Conclusions and Relevance  The findings of this qualitative study suggest that during the 2017-2018 influenza season, there were systemic vulnerabilities as well as a lack of hospital preparedness planning for future pandemics at US hospitals. These issues should be addressed given the current coronavirus disease 2019 pandemic.

    Introduction

    The 2017-2018 influenza season in the US was marked by a high severity of illness, wide geographic spread, and prolonged duration.1 Rates of hospitalization in all age groups were the highest observed since seasonal influenza surveillance was instituted in 2005. This was associated with substantial increases in patient volumes in hospitals and hospital systems, which led to disruptions in flow, patient care, and staffing.2 The US Centers for Disease Control and Prevention estimated that influenza alone was associated with more than 27.7 million medical visits, 959 000 hospitalizations, and 79 400 deaths in 2018.3

    The Centers for Disease Control and Prevention and the Department of Health and Human Services released an updated National Influenza Pandemic Preparedness Plan in 2017 that identified hospital operations, patient care, and staffing as essential domains that facilities must address to prepare for future pandemic events.4 The document provided guidance on health care system preparedness and response activities, emphasizing the importance of implementing surge strategies for conditions such as influenza or other severe community-based infectious diseases. The recommendations, along with the Crisis Standards of Care produced by the National Academy of Medicine, provide hospitals with a framework for developing, prioritizing, and implementing disaster response plans.5 Professional societies have also provided hospital recommendations for preparedness related to influenza or mass disaster events.6-11 However, to date, the extent of implementation of these recommendations into contingency planning for short-term acute care hospitals is not known.12,13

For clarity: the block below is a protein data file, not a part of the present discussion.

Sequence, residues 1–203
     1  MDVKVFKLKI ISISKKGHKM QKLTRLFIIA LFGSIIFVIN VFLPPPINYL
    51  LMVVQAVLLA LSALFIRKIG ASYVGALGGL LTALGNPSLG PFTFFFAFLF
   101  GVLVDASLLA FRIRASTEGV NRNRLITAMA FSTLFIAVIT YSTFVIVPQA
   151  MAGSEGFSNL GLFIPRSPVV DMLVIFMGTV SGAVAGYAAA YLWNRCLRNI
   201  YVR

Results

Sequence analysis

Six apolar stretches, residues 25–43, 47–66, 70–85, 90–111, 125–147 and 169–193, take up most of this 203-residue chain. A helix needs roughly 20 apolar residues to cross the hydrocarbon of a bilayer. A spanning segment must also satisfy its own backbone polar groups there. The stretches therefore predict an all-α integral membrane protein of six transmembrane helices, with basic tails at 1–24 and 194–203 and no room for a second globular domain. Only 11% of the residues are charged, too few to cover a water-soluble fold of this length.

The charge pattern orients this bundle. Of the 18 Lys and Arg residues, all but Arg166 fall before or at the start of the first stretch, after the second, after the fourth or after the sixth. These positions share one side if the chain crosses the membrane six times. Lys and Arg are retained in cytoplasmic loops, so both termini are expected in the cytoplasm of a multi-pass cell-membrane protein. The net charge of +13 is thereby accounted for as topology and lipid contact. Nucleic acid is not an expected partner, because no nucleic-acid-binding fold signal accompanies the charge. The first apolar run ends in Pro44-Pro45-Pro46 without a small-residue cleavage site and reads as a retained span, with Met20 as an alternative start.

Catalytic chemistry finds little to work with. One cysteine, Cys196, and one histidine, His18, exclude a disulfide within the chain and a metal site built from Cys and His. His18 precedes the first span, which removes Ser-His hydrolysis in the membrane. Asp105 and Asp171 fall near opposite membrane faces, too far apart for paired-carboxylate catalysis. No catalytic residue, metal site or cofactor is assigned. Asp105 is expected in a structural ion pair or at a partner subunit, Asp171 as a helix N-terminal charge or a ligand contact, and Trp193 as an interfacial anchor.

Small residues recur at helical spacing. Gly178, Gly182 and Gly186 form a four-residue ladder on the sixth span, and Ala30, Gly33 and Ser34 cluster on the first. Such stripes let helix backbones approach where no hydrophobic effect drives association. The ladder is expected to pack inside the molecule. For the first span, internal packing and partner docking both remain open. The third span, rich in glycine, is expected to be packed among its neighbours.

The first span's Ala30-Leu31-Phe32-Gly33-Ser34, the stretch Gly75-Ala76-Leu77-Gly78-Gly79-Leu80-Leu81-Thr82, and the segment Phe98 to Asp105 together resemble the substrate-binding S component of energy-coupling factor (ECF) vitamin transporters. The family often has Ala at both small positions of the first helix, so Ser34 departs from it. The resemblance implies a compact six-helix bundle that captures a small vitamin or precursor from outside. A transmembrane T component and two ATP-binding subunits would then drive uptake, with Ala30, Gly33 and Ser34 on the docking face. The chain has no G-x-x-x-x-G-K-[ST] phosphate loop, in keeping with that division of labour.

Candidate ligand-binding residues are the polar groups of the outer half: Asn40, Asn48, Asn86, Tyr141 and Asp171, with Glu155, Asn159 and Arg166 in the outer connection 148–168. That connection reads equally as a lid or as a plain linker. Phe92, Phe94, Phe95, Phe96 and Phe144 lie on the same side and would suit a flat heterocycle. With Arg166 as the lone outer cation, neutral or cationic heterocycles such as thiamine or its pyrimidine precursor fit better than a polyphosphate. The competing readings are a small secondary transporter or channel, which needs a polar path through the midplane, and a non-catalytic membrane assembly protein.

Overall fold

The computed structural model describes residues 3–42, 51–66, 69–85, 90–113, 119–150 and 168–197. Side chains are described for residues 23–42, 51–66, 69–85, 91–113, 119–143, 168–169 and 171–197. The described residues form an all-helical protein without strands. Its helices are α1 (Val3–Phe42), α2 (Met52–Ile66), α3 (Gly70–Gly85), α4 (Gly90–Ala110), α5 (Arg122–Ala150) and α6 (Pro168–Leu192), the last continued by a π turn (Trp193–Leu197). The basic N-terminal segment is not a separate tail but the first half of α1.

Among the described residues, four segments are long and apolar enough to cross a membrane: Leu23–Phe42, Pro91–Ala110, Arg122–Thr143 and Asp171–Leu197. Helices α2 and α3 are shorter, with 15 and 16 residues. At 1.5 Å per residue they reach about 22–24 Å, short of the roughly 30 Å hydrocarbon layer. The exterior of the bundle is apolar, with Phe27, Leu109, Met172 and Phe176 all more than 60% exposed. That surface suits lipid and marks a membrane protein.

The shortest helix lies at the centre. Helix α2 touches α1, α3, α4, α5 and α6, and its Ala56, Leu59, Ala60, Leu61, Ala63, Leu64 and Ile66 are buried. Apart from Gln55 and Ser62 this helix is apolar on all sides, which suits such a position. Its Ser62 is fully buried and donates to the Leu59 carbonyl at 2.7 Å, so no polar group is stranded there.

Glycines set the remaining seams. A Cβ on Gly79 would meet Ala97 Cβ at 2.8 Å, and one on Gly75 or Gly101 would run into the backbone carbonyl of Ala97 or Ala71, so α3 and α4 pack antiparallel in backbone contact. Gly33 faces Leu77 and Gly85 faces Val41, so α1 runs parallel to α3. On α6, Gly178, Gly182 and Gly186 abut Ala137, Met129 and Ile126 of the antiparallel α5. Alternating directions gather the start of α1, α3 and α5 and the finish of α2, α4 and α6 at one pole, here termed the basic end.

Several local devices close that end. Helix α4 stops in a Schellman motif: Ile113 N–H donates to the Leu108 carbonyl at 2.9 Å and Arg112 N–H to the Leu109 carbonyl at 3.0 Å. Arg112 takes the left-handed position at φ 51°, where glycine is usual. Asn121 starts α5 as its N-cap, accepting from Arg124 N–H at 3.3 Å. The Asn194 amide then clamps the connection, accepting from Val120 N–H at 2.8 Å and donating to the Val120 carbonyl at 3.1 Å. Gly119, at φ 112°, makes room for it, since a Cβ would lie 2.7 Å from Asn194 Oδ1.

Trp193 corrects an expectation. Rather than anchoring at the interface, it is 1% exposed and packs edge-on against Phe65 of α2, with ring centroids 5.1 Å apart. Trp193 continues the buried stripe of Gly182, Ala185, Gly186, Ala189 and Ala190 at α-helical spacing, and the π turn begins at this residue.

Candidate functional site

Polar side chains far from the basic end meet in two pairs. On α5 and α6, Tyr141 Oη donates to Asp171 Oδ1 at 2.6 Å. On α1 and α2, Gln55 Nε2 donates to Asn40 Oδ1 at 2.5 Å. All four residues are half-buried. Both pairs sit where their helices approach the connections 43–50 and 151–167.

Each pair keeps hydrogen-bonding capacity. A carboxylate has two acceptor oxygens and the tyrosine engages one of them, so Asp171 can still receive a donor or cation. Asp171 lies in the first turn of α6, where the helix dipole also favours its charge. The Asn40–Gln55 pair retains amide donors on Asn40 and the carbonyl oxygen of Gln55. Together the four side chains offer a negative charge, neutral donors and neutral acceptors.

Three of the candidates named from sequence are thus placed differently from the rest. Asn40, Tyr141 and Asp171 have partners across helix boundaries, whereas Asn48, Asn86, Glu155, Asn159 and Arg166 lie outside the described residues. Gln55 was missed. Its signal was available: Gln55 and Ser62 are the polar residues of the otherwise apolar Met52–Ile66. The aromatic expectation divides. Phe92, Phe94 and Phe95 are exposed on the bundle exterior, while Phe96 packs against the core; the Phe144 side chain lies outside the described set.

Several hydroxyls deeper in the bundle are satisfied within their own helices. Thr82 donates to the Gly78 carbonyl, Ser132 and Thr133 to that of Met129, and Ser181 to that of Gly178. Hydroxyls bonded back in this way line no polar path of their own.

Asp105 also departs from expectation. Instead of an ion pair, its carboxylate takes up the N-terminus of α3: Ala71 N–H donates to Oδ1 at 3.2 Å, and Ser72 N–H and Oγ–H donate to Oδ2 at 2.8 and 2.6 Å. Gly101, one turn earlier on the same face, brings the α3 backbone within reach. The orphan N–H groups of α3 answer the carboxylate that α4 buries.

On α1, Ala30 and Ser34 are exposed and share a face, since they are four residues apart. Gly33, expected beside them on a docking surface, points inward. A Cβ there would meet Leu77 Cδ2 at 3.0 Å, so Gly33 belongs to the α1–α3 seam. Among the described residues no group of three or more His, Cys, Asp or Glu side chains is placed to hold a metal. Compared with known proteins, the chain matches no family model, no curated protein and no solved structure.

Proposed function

The objective of this study was to examine self-reported experiences and views of hospital capacity managers regarding sustained high patient volumes during the 2017-2018 influenza season, to identify lessons learned, and to assess the extent of preparedness planning for future pandemic events. The study results have implications for public health planning given the ongoing coronavirus disease 2019 (COVID-19) pandemic and may contribute to understanding how hospitals and hospital systems have responded and are continuing to respond to the pandemic.